News - Lexus
Lexus goes for major LS sales revival
All-new Lexus LS shooting for 120 sales this year, up from just three in 2017
13 Apr 2018
LEXUS Australia will be allocated 120 new fifth-generation LS limousines this year unless it can show head office that demand in this market is outstripping supply.
That allocation represents roughly half of the annual record number of LS sales in Australia – 257 in 2007 – that was achieved just before the global financial crisis severely dented the luxury car market here and pretty much everywhere else.
In recent years, sales of LS have bumped along in the 60-to-30 range each year, but sales last year plummeted to just three units, the lowest since the flagship sedan was launched in 1989, as customers kept their powder dry in anticipation of the all-new model that has now been released in Australia.
Lexus Australia chief executive Scott Thompson said Lexus might be accused of “too good a job” of promoting the latest model, having started with a concept car at the Tokyo motor show in 2015 and followed up by revealing the production version at the Detroit motor show in January last year – a year out from the sales launch.
“I think a lot of buyers in that market basically were holding off until they saw the new car,” he said. “This was hotly anticipated in terms of the next generation, so I think we did perhaps too good a job of promoting it and showing it.”
The company also showed an example to guests at the Melbourne Cup last year, and has now followed up with a series of customer preview nights.
Mr Thompson said those customer events had resulted in a number of orders for the car, which starts at $190,500 for the twin-turbo V6 LS500 and hybrid L500h in F Sport guise and tops out at $195,500 for the Sports Luxury with either powertrain.
He declined to say how many orders were in the bank, but said they were not all current LS owners nor all Lexus owners.
“It has been quite successful so far, but I can’t give you a number,” he said.
“We have got a good mix of existing owners and some new younger buyers coming into the market for the new LS, which is very exciting for us.
“Some are existing Lexus buyers moving up.”
The average current Australian Lexus LS owner is 68 – higher than the average Lexus owner age of 52 – hence Mr Thompson’s excitement at a new breed of buyer showing interest.
Newer Lexus models such as the NX medium SUV and RC sports coupe have been drawing younger buyers into the fold, and the hope is that they will gravitate up through the range to flagship models over the years.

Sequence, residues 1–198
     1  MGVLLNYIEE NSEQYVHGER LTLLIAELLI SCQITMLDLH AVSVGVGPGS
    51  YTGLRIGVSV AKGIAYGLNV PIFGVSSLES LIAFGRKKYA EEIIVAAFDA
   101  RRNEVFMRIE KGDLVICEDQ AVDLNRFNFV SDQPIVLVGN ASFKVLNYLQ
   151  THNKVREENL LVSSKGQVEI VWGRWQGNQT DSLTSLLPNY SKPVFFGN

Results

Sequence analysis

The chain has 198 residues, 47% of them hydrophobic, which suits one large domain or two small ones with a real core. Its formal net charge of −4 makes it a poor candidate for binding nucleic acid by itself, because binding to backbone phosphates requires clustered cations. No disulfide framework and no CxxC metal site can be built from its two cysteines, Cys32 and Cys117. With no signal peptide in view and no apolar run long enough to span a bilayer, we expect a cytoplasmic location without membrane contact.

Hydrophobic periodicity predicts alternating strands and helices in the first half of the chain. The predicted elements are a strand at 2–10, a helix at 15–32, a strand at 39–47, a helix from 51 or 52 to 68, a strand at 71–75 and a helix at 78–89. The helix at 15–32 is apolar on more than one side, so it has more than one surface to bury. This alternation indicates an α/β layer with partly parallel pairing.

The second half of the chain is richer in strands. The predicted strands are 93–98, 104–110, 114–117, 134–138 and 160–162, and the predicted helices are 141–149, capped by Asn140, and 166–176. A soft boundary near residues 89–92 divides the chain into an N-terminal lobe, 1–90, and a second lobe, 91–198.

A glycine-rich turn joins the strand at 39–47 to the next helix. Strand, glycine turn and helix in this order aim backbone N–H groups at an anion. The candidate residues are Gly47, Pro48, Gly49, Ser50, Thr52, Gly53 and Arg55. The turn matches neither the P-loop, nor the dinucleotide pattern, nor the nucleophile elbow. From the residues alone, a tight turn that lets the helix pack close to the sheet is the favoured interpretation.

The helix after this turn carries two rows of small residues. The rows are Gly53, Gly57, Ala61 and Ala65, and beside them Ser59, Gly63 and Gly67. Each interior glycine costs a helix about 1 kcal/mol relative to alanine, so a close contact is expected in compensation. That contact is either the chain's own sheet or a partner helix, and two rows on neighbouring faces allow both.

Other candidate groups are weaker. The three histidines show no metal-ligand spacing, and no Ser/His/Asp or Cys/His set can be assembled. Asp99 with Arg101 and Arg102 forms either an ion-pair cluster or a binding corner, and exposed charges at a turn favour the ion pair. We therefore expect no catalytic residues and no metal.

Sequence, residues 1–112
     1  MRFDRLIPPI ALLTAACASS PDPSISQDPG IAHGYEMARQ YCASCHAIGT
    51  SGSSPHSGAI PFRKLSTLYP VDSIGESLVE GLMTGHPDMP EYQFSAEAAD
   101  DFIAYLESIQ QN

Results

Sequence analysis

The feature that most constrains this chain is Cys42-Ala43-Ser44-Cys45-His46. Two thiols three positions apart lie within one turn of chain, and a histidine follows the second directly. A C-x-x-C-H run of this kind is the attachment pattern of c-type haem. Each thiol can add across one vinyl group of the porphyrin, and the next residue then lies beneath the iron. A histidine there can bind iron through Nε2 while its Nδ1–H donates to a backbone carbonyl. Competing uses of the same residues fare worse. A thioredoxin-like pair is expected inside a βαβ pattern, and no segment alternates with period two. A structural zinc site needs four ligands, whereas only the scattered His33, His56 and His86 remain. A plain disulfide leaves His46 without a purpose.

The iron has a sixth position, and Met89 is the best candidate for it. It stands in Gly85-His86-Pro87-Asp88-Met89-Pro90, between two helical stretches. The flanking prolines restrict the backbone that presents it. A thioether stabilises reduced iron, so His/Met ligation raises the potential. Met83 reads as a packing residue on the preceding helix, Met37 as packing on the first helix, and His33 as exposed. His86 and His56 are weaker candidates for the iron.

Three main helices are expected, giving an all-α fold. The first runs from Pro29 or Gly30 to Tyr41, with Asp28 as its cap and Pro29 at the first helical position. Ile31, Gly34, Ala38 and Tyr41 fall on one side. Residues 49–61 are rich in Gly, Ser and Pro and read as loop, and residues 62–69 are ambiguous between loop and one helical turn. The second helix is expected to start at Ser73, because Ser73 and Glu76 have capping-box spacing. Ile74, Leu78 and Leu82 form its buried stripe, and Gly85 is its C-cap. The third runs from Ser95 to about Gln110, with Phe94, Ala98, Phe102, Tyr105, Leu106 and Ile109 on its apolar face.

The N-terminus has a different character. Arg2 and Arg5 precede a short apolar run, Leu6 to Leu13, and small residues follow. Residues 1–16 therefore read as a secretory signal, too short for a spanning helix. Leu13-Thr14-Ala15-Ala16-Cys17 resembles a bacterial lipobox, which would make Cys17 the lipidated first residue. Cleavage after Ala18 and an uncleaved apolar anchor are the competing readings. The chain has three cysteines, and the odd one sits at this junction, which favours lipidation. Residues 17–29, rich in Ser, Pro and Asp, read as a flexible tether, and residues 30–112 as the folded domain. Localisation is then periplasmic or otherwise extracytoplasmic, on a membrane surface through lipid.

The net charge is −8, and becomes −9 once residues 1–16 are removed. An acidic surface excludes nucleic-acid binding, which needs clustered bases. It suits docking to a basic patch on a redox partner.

Mr Thompson said that while the initial allocation of LS cars was 120 over the next eight-to-nine months, “we will be doing our very best to get as many as we can”.
“We negotiate on a monthly basis now, and so if we can sell a few more than that, that would be fantastic,” he said.
Mr Thompson predicts that the split between the new turbo V6 powertain and petrol-electric hybrid would be 60-30, in line with overall Lexus sales.
However, he said that when potential customers got to drive the car, he would not be surprised to see a higher ratio of hybrids.
“I think you will agree that the performance of the hybrid is probably the most refined we have ever experienced in hybrid, so it is going to be a real interesting decision to make concerning buyers.”
Mr Thompson said one of the reasons for the customer previews was to get feedback on potential sales of these powertrains, trims levels and colours.
“They are all very positive about it, but we have some challenges in terms of trim colours because the they have not got access to all the different trim combinations and colours now,” he said.
“For an expensive car, you want to basically see the configuration. It is very challenging.”
The LS comes in four basic trim packages, with another four extra-cost packages at a tick under $10,000.
“When you are at that end of the market, you have got to be sure you do get your line-up right,” he said “You don’t want to be carrying stock of high-end cars like that.”
Unlike previous LS models, the latest version is going into showrooms without a V8 powertrain in a nod to efforts to reduce fuel consumption.
Mr Thompson said that in the United States, the dealers queried the move, believing it would hurt potential sales.
“The dealers’ biggest criticism was ‘where’s the V8’. As soon as they drove the car, that problem went away,” he said.
At 310kW, the all-new twin-turbo 3.5-litre V6 tied to a class-first 10-speed automatic transmission is faster to 100km/h than the previous 4.6-litre V8, while the hybrid – also powered by a V6 – is also swifter than the previous hybrid that used the V8 as its primary source of power.
TV advertising for the new LS will be drawn from the US. Mr Thompson said the TV commercial was a brand ad, not an automotive ad, focusing on the Japanese heritage of Lexus.
Among the images is one of origami-style folding of leather by a Japanese craftsman for door trims.
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